Yadu Rajiv 50:52
Are you keeping an eye on what's happening here, though, from you know, I people in touch with you, people showing you stuff or you like seeing things happen?
Shailesh Prabhu 51:03
Not so much stuff. That's been like, I haven't seen so much stuff. Like people aren't really sending me stuff. But sometimes. And then sometimes I like, I mean, I know some what what's happening, because I'm also on the discord group that you run. And yeah, like, through social media and stuff. But there's like, you never know, there's always someone hiding in the shadows. So yeah, I would say have some some sense of what's happening.
Arjun Nair 51:41
I'm going to ask you Shailesh a straight up question, and you should give me a straight up answer. Should we make mythology based games given that our culture is so rich, and you know, mythological history and steeped in traditions? Why haven't we made a mythological game that's successful? Actually, we have made a couple. We have made a couple of them. They're quite good. But yeah, what's your general thought on that?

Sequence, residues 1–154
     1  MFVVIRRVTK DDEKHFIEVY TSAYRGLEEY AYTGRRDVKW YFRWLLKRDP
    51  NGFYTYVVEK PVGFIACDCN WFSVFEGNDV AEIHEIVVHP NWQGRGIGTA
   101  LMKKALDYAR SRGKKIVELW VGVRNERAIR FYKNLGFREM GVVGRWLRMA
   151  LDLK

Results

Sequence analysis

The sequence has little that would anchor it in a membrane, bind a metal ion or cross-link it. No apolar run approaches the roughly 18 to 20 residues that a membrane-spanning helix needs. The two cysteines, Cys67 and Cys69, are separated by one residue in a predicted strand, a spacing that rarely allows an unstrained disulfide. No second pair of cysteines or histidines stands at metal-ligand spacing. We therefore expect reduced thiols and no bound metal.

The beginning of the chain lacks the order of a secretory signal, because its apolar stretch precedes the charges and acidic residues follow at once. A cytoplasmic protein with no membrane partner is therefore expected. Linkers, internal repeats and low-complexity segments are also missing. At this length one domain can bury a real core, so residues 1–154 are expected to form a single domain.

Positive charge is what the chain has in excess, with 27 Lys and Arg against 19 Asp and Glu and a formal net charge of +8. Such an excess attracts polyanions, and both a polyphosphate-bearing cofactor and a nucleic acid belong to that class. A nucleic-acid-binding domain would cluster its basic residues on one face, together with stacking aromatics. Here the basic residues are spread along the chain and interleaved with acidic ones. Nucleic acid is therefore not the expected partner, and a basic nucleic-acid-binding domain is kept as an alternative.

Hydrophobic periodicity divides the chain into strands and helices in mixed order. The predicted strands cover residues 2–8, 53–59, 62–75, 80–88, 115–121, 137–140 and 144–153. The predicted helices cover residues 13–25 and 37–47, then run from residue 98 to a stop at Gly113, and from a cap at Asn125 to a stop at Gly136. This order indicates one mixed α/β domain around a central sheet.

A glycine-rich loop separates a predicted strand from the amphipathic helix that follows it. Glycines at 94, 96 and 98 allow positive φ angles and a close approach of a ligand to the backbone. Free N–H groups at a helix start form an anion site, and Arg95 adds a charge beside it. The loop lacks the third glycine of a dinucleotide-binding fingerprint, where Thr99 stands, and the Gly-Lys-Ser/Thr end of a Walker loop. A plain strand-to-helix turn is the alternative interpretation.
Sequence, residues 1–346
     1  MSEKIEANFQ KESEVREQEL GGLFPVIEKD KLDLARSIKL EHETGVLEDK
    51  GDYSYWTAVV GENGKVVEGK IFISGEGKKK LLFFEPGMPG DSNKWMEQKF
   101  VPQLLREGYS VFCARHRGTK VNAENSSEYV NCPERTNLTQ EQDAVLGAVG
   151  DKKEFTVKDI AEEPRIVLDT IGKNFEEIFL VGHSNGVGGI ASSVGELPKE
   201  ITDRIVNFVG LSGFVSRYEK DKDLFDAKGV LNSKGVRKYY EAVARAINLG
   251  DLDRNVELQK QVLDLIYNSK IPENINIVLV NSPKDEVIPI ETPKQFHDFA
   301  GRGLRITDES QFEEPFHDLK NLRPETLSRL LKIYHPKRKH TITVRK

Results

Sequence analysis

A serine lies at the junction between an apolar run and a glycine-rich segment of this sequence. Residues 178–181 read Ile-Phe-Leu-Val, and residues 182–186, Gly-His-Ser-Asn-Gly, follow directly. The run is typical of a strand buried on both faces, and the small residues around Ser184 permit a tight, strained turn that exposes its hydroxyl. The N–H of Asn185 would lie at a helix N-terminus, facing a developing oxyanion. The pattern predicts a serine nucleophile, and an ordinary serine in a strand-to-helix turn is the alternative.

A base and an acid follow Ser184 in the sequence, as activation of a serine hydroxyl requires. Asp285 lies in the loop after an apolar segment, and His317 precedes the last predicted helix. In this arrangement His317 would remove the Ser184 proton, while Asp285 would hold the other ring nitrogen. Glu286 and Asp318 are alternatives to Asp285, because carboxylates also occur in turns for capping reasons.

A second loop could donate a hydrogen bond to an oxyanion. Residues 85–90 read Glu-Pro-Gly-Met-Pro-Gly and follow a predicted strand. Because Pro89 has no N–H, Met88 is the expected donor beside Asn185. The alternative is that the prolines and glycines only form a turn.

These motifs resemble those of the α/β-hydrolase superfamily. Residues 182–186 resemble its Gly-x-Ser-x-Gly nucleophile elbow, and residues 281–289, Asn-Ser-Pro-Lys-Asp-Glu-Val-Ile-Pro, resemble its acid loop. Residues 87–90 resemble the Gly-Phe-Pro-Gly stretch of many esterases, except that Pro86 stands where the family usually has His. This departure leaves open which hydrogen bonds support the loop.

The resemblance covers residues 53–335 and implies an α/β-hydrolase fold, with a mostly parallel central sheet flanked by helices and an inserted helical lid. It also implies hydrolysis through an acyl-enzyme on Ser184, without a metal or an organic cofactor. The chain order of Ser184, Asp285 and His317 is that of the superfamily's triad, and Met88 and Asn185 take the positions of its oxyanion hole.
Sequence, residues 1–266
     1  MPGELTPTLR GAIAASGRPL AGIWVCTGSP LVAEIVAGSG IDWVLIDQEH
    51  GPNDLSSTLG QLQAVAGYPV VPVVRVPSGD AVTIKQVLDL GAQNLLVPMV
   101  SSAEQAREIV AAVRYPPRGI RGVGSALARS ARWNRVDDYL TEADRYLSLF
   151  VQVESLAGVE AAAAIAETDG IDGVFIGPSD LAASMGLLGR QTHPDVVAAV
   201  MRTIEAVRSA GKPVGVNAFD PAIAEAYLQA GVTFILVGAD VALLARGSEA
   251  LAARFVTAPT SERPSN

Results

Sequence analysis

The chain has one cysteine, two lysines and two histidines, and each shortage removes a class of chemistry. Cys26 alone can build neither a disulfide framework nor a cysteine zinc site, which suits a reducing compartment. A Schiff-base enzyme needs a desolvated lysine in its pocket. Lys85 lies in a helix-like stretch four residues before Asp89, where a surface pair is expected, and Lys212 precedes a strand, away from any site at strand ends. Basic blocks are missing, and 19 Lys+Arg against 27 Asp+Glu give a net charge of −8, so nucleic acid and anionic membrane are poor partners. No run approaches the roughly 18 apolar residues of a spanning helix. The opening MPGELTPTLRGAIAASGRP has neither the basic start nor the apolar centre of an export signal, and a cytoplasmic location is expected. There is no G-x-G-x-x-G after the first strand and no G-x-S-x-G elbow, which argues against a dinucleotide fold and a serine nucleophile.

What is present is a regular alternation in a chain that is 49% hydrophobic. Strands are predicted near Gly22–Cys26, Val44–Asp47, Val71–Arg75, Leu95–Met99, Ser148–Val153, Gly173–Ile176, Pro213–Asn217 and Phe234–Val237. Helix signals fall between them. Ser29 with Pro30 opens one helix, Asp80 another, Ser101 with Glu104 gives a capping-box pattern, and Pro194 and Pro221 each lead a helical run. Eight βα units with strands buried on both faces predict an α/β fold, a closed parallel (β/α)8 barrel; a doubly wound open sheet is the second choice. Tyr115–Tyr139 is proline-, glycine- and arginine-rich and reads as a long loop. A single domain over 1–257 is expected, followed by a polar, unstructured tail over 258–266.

Shailesh Prabhu 52:06
The tricky part is that our mythology is based in religion, that is still followed very fervently, and very actively. Whereas I can do whatever to Thor, and no one will really care. Or, like, in a mythological sense, like, you can put him in a comic book, and you can make him do outrageous things that probably didn't actually exist in in the mythology, right, like teaming up with the Avengers, for example, like, but like, for us, you could probably make a comic book based on Ramayan, which some people have. But it still needs to follow some sense of like, some version, like, we also have, like, 1000s of versions of every single myths that exists, right? Yeah, like minor variations, you still probably need to follow some of those, like, you can't just like put Ram fighting aliens with Superman. Like, that's not gonna happen, I think.